Featured Scholar: Allison Corey

Material Information

Featured Scholar: Allison Corey
Read, Heather
Place of Publication:
Gainesville, Fla.
University of Florida
Publication Date:


serial ( sobekcm )

Record Information

Source Institution:
University of Florida
Holding Location:
University of Florida
Rights Management:
All applicable rights reserved by the source institution and holding location.


This item has the following downloads:

Full Text

L NVI'CP.s, SI FL'I'RID\ Featured Scholar
journal of
LUndergraduate A llison Corey
Research 2006 - 2007 University Scholar

L.:Iurs t' I :u I rientor: Paul Fishwick

Su hi'i'lli o'n
ranging from jazz to tap to hip-hop to lyrical over
Archives the past 15 years. The senior digital arts and
sciences engineering major has now found a way
Scholar Profiles to incorporate her love of dance into her academic
program, using the art to enhance mathematics
Contact t Staff education.

University Scholars Program "Mathematical notation can sometimes be daunting for the K-12 student who is exposed

Undergraduate Research to text-based representations," Corey said. "One approach to reduce the student's
Resources anxiety is to augment traditional notations with ones that the student may find
compelling. In particular, we wanted to create a computer-based visualization of simple
Search: mathematical algebraic structures by exploring the use of dance and theatre as means of
representation. The advantage to using dance is that it is engaging, immersive, and

Enter Search Terms highly interactive-normally adjectives not used to describe mathematical notation."
The purpose of Corey's research project for the University Scholars Program was to
create an effective method of representing the structure and behavior of various
equations through dance-based performance. Using dance as an alternative to traditional
text-based representations, students who would otherwise struggle and become
frustrated by the mathematics discipline can become engaged in the representation and
behavior in a physical time-based manner. A simulation of a sample production of
theatrical dance pieces was created to show relationships between dance movement
(both individual and formation-wise) and equation representation.

Throughout her work on this project, Corey has discovered several ideas and methods of
representation for mathematics and computing. "The goal of the created animation was
to enhance mathematics education through the catalyst of performing arts," Corey said.
"These visual representations can easily be portrayed through movement and dance, and
will hopefully allow the more visual learners a way to access the Information presented."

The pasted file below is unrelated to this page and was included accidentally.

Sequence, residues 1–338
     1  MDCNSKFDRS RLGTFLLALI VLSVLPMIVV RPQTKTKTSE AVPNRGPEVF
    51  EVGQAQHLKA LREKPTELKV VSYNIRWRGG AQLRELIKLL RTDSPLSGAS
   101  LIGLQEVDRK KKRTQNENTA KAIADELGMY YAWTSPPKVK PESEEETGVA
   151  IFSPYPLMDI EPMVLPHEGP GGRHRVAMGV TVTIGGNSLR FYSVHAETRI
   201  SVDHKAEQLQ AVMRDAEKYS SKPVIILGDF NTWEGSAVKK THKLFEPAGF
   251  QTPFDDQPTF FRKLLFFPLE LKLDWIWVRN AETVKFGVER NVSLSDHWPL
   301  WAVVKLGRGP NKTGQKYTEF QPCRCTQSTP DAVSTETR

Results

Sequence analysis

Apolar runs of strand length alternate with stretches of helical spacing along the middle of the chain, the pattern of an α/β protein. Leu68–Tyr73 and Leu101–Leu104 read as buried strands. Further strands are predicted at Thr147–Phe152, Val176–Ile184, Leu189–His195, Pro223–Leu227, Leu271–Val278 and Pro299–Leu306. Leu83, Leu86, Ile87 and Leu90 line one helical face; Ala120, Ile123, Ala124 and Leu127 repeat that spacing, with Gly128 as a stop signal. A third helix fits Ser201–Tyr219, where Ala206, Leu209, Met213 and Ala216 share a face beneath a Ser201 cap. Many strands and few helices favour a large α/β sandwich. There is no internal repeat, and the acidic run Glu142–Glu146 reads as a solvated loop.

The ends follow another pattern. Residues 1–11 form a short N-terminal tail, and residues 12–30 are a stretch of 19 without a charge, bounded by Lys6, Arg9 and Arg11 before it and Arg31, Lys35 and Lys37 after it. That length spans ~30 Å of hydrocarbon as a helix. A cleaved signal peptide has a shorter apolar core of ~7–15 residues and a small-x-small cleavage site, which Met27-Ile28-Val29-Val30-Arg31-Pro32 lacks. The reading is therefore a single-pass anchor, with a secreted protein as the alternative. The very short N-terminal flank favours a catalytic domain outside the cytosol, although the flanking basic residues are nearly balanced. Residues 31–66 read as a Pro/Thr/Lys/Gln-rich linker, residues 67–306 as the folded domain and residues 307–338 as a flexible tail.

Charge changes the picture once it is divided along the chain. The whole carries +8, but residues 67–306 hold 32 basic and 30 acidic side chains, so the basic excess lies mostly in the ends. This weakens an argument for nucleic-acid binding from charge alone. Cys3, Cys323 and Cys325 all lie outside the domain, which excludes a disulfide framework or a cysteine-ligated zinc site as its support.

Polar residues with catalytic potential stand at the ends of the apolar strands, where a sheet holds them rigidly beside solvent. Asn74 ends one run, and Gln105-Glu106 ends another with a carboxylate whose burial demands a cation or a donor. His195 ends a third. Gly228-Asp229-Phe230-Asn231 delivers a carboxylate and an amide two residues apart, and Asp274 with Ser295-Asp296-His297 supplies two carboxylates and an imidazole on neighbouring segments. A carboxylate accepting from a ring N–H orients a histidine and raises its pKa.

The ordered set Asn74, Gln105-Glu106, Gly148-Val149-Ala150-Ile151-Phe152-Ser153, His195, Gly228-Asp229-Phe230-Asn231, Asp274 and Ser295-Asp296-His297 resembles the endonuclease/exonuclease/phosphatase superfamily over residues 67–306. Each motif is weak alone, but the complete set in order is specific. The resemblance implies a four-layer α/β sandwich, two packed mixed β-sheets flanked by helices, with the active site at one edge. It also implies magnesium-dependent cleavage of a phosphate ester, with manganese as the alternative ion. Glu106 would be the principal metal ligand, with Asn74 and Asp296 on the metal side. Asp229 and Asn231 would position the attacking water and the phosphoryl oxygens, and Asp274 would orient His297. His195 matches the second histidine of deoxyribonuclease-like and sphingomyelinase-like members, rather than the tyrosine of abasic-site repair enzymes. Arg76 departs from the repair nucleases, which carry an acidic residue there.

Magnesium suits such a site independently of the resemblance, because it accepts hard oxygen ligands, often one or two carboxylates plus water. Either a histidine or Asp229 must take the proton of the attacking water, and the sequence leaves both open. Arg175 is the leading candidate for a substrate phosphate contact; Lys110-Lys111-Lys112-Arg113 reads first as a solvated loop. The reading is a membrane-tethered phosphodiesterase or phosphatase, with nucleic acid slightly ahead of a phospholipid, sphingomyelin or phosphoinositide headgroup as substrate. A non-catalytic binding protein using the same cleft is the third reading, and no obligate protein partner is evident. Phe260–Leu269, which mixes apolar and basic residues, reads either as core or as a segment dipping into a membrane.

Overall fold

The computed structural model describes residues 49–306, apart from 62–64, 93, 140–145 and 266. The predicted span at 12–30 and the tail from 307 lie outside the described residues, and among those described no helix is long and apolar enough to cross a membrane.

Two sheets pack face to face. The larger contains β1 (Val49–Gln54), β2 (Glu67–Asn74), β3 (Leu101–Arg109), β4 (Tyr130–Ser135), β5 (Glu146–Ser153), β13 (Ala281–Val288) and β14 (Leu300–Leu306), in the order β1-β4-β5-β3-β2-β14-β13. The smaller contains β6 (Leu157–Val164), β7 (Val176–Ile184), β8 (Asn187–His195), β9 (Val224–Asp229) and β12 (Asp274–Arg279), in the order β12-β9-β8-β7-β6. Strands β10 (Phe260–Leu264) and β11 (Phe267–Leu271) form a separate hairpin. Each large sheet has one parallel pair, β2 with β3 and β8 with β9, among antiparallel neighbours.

For Corey, the best part of her experience as a University Scholar was the opportunity to
work one-on-one with a professor who is an expert in the field. She said she had the
opportunity to learn a tremendous amount of Information about both her degree program
and field, as well as the process of conducting research and writing an academic research

"The most beneficial thing that I gained this past year from working on a larger research
project was idea generation," Corey said. "A large portion of the work that I did dealt
with brainstorming and creating new representations for mathematical structures. I
learned a lot about the process of creating an academic project and documenting
results." She said she also enjoyed learning the various software packages including
Blender, the open source three-dimensional modeling and animation system used to
create the dance simulations.

Corey is scheduled to graduate in May of 2008 with a B.S. in digital arts and sciences
engineering. After graduation, she will be working for Lockheed Martin Simulation
Training and Support as a software engineer. She said it is probable dance will continue
to be a big part of her life, even if her research moves into other areas.

"Dance has been an outlet for me as I grew up and still serves as an outlet for me
today," Corey said. At UF, not only is she able to continue to dance as a member of
Dancin' Gators, a student-run dance organization, Corey can take her passion into the
classroom. Who knew dance and mathematical principles fit so well together? As Corey
has discovered, it turns out they make great partners indeed.

-Heather Read

Back to Profiles

Back to the Journal of Undergraduate Research

College of Liberal Arts and Sciences I University Scholars Program I University of Florida I UNIVERSITY

� University of Florida, Gainesville, FL 32611; (352) 846-2032.